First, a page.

The Connecticut Whale were showing signs of excellence prior to the NWHL’s shutdown in Lake Placid. After four seasons spent at the bottom of the pile, the Whale took tremendous strides to escape the league’s basement.
Connecticut finished 2–2–0 over four games, though it is difficult to evaluate their final game. Context for their 6–0 loss to Toronto is important considering how many players were held out of the lineup and how many were battling COVID-19 in the coming days. Though the star only burned bright for so long, there’s a lot to smile about in the Pod.
The Whale averaged 3 goals-for per game in their first three games before COVID decimated their roster. For reference, the Whitecaps scored at the same clip over four games and the Pride managed 3.14 goals-per-game over seven games. If prior to the season fans were told the Whale would be just as productive offensively as Minnesota and Boston, they’d take that in a heartbeat.
Alyssa Wohlfeiler led the team in scoring with a goal and four assists. She drove the offense in a way that the Whale haven’t really seen since Kateřina Mrázová — and even Mrázová lacked the kind of power Wohlfeiler showed. Wohlfeiler bullied her way into the attacking zone like a true power forward. Unlike schemes of years past, she actually had options with her on the rush, forging special chemistry with linemate Emma Vlasic. Vlasic and Wohlfeiler flexed their muscles in the third period against Boston on January 27, as the two combined for seven points in a 4–1 win.
On a scale of 1 to 10 s how Whale was Alyssa Wohlfeiler's goal!?— Connecticut Whale (@CTWhale_NWHL) January 28, 2021
This Whale team proved to be a threat regardless of situation. Though they lost to the Riveters 4–3, they battled back to tie the score from both 2–0 and 3–2. Their four-goal explosion against the Pride came when they were down 1–0 and outshot the period before 10–2. They averaged 35.5 shots per game, which ranked second-best in the league behind only Toronto. Connecticut showed fight past Whale teams never did, mostly thanks to their offensive punch.
Part of that improvement on the offensive side of the puck comes from their improvement on the blue line. After getting outshot for most of last season, the Whale allowed 31.25 shots per game, third-best in the league. Most of that improvement comes from the reinforcements provided for Shannon Doyle. True, Doyle did lead the Whale in time on ice, per InStat Hockey, but her defensive partner Tori Howran was the true standout. Howran notched a goal and two assists in three games played before getting held out of the fourth contest.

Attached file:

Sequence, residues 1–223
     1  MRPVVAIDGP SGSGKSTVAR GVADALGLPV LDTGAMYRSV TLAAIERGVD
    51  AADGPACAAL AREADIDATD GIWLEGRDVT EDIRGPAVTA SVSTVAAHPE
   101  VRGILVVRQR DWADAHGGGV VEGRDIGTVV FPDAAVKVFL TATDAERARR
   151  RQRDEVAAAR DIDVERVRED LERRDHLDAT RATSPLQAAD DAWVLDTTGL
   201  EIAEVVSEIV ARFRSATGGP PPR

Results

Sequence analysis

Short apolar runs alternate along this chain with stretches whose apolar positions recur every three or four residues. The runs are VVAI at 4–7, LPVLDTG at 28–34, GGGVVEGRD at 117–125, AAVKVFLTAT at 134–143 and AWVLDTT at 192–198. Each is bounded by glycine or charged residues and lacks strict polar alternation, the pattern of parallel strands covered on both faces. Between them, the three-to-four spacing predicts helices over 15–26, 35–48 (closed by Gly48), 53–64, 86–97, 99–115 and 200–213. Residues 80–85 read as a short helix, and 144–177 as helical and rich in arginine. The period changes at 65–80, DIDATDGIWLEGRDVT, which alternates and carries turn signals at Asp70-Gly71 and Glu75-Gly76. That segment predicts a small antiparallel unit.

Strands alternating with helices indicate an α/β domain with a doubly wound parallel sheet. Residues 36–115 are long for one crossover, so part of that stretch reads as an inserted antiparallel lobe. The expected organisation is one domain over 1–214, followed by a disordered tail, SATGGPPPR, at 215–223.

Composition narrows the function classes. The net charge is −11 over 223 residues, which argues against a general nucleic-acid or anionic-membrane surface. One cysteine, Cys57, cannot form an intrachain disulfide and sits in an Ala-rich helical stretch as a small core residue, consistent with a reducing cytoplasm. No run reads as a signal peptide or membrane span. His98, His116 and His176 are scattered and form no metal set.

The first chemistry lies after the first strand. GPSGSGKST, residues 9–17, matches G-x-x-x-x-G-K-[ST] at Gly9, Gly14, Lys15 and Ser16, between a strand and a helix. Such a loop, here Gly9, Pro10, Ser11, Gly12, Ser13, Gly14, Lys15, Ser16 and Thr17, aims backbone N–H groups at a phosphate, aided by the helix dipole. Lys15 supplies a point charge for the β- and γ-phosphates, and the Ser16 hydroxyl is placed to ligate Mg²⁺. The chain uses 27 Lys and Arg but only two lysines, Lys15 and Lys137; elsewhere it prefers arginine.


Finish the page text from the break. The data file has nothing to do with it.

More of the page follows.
Howran only got better as the tournament went on, and her absence was conspicuous against the Toronto Six. The best defenders are good not just because they hold down the fort in their own end, but also because they move the puck and jumpstart the offense. Howran brought that to the table, which lightened the load for Doyle and Elena Orlando — who registered two assists a piece.
The problem that Howran’s absence in game four highlighted was the top-heaviness of the Whale’s defensive corps. Especially if Doyle does retire this summer as she has said she would, the Whale need additional pieces to build around Howran, Orlando, and Maggie LaGue. A reunion with Jordan Brickner would make sense, but would really only be step one in what should be a multistep plan to add pieces.
At the very least, this is a solid building block for the franchise.
If you want to know why it's important to have mobile, puck-moving D like Howran in the lineup, here's the shots for the Whale in periods with the long change this season:— Casey Bryant (@CaseyBryant51) February 1, 2021
16-7 TOR (no Howran)
It was a shortcoming last year, and tonight #NWHL
It was a bit of a surprise to see Abbie Ives get the nod in net on opening day considering how preposterously good Brooke Wolejko was in 2019–20. Ives worked quickly to silence doubters. The Quinnipiac grad finished 2–1–0 on the season with a .936 save percentage and 2.01 goals-against average. Her first two starts were stellar one-goal wins, including a shootout triumph over the Beauts. Over the course of those two victories, she stopped 58 of 60 shots on goal.
Though Wolejko was less sharp in her lone start than years past, that’s just it — she only made one start. It’s not enough to write off a season’s worth of great work.
If Ives returns with Wolejko next season, it’s entirely possible the Whale have the best one-two punch in the league. And if Ives is the 1A, she may be a dark horse for Goaltender of the Year in 2021–22. Bet on it.
MVP: Katelynn Russ
There are plenty of options to choose from for a team MVP. Since we’ve already touched on the importance of Wohlfeiler, Howran, and Ives, let’s turn our attention to the forward directly responsible for two Whale wins: Katelynn Russ.
Russ, a 22-year-old forward out of Union College, first impressed Whale brass with a strong three-point outing against the Beauts in last year’s Isobel Cup Playoffs. With more ice time floated her way in 2021, she did not disappoint, showing a penchant for scoring in big moments.
First came her shootout-winning goal against the Beauts, a silky-smooth backhand to beat Carly Jackson.
Then, a redirection goal against the Riveters to knot the score at 2 in the first period. Finally, a go-ahead goal in the third period against Boston that would prove to be the GWG.
This is a gritty play from Russ, diving headlong into a loose puck in the crease. It’s a greasy play from a greasy player, one that takes a combination of skill and strength.
Russ is a bulldog of a forward. She wasn’t a big-time scorer at Union by any means, but she has the kind of instincts that make her an incredibly valuable depth option on the forward lines. True, she didn’t finish with the point total of a Wohlfeiler or Vlasic. But when matters just as much as how many.
Data courtesy of NWHL.zone, InStat Hockey, and HerHockeyCounts.com